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I am looking for the commutator: $$[e^{aq},p]$$ My approach is to Taylor expand the function: $$[\sum_n \frac{1}{n!}(aq)^n,p]$$ I know that $[q^n,p]=ni\hbar q^{n-1}$ So how do I account for $n$ commutators?

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    $\begingroup$ Can you clarify what you mean by "accounting" for $n$ commutators? Are you looking for a proof of the last relation that you mention you already know? $\endgroup$ – joshphysics Feb 8 '14 at 19:45
  • $\begingroup$ Related: physics.stackexchange.com/q/78222/2451 and links therein. $\endgroup$ – Qmechanic Feb 8 '14 at 20:09
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A more general relation than $\left[q^n, p \right] = i\hbar nq^{n-1}$ is $$\left[f(A), B\right] = \left[A, B \right]\frac{\partial f}{\partial A}$$ if $\left[A, \left[A, B \right]\right] =0$. In this case we are okay to use this because $\left[q, p \right] =i\hbar$ is just a number, and that commutes with everything. So you can just apply this formula directly.

Another thing perhaps worth noting is that because the derivative is a linear operator, you can apply it to the individual terms of an infinite sum.

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  • $\begingroup$ How do I calculate the more general case where [A,B] is another operator? Does it go before or after the derivative? $\endgroup$ – psitae Jun 11 '18 at 16:37
  • $\begingroup$ If $[A,B]$ commutes with $A$, then it's the same and does not matter whether it is before or after. If $[A, B]$ does not commute with $A$, the entire expression becomes more complicated in general. Suppose f has a Taylor expansion in powers of $A^n$. Then $[A^n, B] = A^{n-1}[A,B] + [A^{n-1}, B]A $. By recursion this is $[A,B]nA^{n-1}$ if $[A, [A, B]=0$. If not then you can't reorder the terms so the $[A,B]$ ends up sandwiched between $A$s. But it can be done recursively from $[A^n, B] = A^{n-1}[A,B] + [A^{n-1}, B]A $. $\endgroup$ – WhatIAm Jun 12 '18 at 20:18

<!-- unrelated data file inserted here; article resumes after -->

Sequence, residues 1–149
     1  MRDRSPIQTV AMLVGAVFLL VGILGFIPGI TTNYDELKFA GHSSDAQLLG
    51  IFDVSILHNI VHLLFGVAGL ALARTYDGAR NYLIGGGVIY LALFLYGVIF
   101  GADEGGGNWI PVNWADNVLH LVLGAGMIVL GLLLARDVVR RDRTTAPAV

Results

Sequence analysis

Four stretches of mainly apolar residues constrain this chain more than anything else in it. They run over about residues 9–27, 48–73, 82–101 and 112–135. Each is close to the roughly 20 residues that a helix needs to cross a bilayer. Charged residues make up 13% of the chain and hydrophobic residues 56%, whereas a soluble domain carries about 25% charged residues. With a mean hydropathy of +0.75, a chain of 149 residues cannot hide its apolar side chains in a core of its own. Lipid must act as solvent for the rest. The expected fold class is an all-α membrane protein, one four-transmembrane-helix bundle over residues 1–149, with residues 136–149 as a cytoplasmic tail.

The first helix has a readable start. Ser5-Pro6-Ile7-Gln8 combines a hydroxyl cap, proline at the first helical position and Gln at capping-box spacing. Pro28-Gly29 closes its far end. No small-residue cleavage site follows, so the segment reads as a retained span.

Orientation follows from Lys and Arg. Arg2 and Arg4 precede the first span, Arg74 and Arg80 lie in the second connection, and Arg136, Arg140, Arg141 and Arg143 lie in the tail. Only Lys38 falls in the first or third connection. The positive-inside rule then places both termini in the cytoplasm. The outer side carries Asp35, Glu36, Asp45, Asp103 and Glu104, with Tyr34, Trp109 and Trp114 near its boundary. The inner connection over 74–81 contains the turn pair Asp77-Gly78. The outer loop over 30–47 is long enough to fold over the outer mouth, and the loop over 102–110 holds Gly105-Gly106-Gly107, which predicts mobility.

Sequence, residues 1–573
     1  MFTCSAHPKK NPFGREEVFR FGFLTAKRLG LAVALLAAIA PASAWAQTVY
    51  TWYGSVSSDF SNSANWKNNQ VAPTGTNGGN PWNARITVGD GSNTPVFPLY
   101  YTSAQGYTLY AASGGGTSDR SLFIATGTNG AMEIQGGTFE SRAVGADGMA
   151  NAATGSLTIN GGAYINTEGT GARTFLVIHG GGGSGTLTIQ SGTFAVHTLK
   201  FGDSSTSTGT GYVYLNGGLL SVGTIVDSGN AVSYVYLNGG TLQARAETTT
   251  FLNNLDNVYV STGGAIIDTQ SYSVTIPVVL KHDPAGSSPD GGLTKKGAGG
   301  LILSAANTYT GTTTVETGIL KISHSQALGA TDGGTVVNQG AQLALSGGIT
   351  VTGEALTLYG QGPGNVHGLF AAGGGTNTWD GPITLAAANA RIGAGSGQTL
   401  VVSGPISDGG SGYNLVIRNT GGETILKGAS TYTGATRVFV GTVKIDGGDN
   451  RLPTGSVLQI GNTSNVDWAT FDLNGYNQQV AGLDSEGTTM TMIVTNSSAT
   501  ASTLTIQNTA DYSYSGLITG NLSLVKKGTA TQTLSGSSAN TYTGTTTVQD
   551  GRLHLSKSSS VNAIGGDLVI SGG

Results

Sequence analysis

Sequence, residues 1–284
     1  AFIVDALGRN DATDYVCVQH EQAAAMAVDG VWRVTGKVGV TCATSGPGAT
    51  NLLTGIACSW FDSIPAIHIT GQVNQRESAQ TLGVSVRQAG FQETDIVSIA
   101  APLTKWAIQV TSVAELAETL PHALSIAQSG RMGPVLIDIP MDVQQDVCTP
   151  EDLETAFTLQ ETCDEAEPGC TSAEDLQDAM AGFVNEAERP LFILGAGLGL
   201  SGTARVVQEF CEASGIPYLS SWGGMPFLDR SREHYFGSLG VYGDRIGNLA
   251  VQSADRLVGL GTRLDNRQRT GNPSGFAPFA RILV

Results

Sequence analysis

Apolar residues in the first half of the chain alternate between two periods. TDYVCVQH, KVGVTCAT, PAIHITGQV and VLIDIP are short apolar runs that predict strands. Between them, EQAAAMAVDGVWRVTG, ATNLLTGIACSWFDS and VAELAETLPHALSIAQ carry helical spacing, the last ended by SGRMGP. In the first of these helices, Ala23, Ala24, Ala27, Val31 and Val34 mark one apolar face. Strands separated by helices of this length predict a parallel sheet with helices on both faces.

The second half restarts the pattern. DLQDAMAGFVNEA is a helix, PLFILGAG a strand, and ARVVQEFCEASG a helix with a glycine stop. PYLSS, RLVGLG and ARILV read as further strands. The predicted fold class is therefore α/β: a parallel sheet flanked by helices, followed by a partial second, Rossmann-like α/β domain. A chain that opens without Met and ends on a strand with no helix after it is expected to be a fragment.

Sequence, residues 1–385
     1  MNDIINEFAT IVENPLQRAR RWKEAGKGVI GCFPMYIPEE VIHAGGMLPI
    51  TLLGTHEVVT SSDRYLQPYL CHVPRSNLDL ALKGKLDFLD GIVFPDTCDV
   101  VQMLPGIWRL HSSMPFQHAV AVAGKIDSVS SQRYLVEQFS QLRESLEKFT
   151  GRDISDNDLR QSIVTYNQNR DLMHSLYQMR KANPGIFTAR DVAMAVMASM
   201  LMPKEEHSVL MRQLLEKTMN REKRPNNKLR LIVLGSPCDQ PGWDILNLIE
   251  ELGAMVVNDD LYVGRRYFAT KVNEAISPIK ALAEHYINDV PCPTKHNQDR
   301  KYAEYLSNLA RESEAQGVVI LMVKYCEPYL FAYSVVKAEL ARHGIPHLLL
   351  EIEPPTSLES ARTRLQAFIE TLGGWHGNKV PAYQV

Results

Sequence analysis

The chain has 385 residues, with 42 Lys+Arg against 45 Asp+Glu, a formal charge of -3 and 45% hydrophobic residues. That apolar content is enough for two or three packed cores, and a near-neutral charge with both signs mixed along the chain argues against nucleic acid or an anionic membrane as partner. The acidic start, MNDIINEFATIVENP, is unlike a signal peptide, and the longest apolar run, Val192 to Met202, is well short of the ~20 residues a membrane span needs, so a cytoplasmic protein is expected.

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It seems to me that the approach formulated by the OP is perfectly sound! The OP demonstrates that he is familiar with the commutator between q^n and p. In order to use this formula, he proposes to apply Taylor series expansion to the target function. That is okay.

The only problem is that the OP got cold feet and stopped his calculation at this point. Actually the end result was almost in sight. Substitution of the special commutator into the Taylor series leads to a formula that can be re-summed easily. It is just another version of the Taylor series of an exponential function!

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If $q$ and $p$ satisfy the canonical commutation relation, $[q,p]=i\hbar$, then you can use the relation between the classical Poisson brackets and commutators: $$ \left[A,B\right]_{classical}\to\frac{1}{i\hbar}\left[A,B\right]\tag{1} $$ I'll assume $A=A(q,p)$ and $B=B(q,p)$ for now. The classical Poisson brackets are give by $$ \left[A,B\right]_{classical}=\frac{\partial A}{\partial q}\frac{\partial B}{\partial p} - \frac{\partial A}{\partial p}\frac{\partial B}{\partial q}\tag{2} $$ Since you have $A=A(q)$ and $B=p$, then Equation (1) via Equation (2) gives $$ \left[A(q),p\right]=i\hbar\frac{\partial A(q)}{\partial q}\tag{3} $$

However, the relationship in (1) isn't always correct (depends on the "niceness" of the function $A(q)$, see this and this). As discussed in another answer of mine (among other places), one would need the Moyal bracket that introduces a correction factor proportional to $\hbar^2$. However, for the current problem of $A(q)\sim\exp(aq)$, (3) would suffice.

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  • $\begingroup$ This is not always true! The evaluation of the bracket in term of the classical Poisson bracket is only valid in general for quadratic functions. See canonical quantization on wikipedia. $\endgroup$ – G. Bergeron Aug 15 '15 at 8:05
  • $\begingroup$ @G.Bergeron: Correct. I discuss this in a later answer to a similar question; I just haven't corrected this one. $\endgroup$ – Kyle Kanos Aug 15 '15 at 12:21

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